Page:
07/08/08 1:42 AM ET
Wright, Mets outslug Phillies in finale
Visitors take three of four, over .500 for first time since June 5
By Marty Noble / MLB.com
So the bottom-line policy was in effect. They'd won, making their method -- and their mistakes -- meaningless, the manager said. The score was 10-9 after it had been 10-1. But that didn't matter to them either. Nothing that happens in such a significant victory could be so wrong.
Moreover, the Mets had done so much right -- four RBIs by David Wright, 17 hits -- the equal of their season high, three each by Endy Chavez, Damion Easley and Fernando Tatis, and an improved, if less-than-fulfilling, performance by Pedro Martinez.
As they did Saturday and Sunday, the Mets withstood the Phillies' 11th-hour resistance. And as they did 18 years ago, they defeated the Phillies, 10-9, in this city. Then, July 25, 1990, the Phillies produced a seven-run ninth inning. And the 27th out prompted a famous call by Murphy, the late Hall of Fame broadcaster: "The game is over. The Mets win it. The Mets win the ballgame. They win the damn thing by a score of 10 to 9."
The victory Monday might have prompted four-letter reactions as well, but for other reasons. As much as the Mets did well beating the division leaders for the seventh time in 10 games this season, they also were guilty of the type of misplays that cost Willie Randolph his job and compromised their chance of winning the division championship.
On Monday night, the Phillies scored only twice in the ninth -- against Billy Wagner again. But the Mets had allowed one, three and two runs in the sixth, seventh and eighth innings and allowed two runners to reach scoring position before Wagner retired Jayson Werth to end it.
So poor was their performance -- not Wagner's necessarily -- in the ninth inning that assistant general manager Tony Bernazard was conspicuously upset, and manager Jerry Manuel, while he didn't harp on the mistakes, he didn't dismiss them, either.
And as one player said, "We're should be happy that we won. But after how we played, we should be thankful, too."
Carlos Beltran was guilty of the most egregious play. He fielded the base hit though the middle by pinch-hitter Pedro Feliz that produced the eighth and ninth runs. But rather that relay the ball to second base to keep the tying run at first, the Gold Glove center fielder made a high, late and ill-advised throw to third in an effort to produce the 27th out.
His throw bounced past Wright, and with Wagner not backing up the play -- he hadn't anticipated a throw to the wrong base -- Feliz advanced to second.
"If David had caught the throw, he [Feliz] wouldn't have gone to second base," Beltran said. He seemed insulted by questions about his throw. But Feliz had broken for second the instant Beltran released the throw.
Manuel indicated the throw was ill-advised. He referred to it as a "fundamental mistake."
Beltran also was at fault in the sixth inning. He scored from third base on Martinez's single to center field. But neither he nor the next batter, Jose Reyes, signaled Easley, who had been on second base. Easley didn't slide -- catcher Chris Coste deked him -- and was tagged out.
Manuel noted that mistake as well. The Mets have been guilty of the same oversight previously.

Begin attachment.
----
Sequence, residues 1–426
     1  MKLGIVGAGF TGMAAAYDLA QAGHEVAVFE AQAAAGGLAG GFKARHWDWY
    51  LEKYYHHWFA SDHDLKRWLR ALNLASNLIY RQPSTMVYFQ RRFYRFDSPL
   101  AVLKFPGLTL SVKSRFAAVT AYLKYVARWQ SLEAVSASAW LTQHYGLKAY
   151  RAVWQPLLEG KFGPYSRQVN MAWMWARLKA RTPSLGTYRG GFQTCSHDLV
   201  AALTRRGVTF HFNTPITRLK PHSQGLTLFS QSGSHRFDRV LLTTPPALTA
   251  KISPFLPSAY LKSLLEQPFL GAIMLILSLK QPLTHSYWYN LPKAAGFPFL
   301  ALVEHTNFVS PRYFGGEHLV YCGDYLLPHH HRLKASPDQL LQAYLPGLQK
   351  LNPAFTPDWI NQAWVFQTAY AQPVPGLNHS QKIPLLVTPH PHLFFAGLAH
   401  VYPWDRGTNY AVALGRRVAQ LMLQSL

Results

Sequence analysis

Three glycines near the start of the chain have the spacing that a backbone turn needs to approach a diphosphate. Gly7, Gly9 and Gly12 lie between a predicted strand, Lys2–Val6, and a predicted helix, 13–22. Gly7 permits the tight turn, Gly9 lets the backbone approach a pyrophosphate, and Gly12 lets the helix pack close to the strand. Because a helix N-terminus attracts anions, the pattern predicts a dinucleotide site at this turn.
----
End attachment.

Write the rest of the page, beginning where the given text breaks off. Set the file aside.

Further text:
"There are things we're working on, things we have to work on," he said. "But we're back in the race. Back above .500 [for the first time since June 5]. All this is just part of building character and getting stronger, because we know this [race] is going to be tough."
Perhaps the mistakes were why the Mets seemed a tad hesitant to identify what they'd accomplished in their three games as some sort of hat trick of significance. In this season of up and down, in and out, hot and cold, they have learned not to trust themselves and to see most of their achievements in a modest light. Whenever they have tried to walk the walk, they usually have taken one step back for each step forward.
Some recognized the mistakes and knew how ugly the loss would have been if Werth, who had crushed Wagner for a two-out, ninth-inning, game-tying home run Sunday, had singled for two runs.
But they all preferred to see the bottom line, the first three-game winning streak since May 27-29 -- 2 1/2 games from first for the first time since May 20, and Martinez's flawed but successful pitching after three poor starts. He was removed after allowing successive extra-base hits and having thrown 105 pitches. But his overall performance -- five hits, three walks, two runs and six strikeouts -- was encouraging if only because of what had preceded it.
Tony Armas replaced Martinez (3-2) and allowed three runs in 1 1/3 innings, two coming on a disputed home run by Ryan Howard in the seventh. The Phillies' third home run -- Chase Utley and Pat Burrell had homered against Martinez -- was initially ruled a double. But when the call was changed, Manuel argued, and his arguing led to an ejection.
There was no disputing the pinch-hit two-run home run Geoff Jenkins hit off Aaron Heilman in the eighth to reduce the margin to 10-7.
"That was enough right there," said Wagner, whose 20th save wasn't pretty -- two hits, one walk and two runs. But closers see everything through the prism of the bottom line. "That's the best way to look at this one," he said.
Marty Noble is a reporter for MLB.com. This story was not subject to the approval of Major League Baseball or its clubs.